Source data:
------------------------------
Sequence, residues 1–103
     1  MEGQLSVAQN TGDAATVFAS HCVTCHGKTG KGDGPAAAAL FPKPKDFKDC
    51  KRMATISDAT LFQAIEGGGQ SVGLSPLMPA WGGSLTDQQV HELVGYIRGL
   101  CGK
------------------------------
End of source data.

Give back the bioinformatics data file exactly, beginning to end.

Sequence, residues 1–103
     1  MEGQLSVAQN TGDAATVFAS HCVTCHGKTG KGDGPAAAAL FPKPKDFKDC
    51  KRMATISDAT LFQAIEGGGQ SVGLSPLMPA WGGSLTDQQV HELVGYIRGL
   101  CGK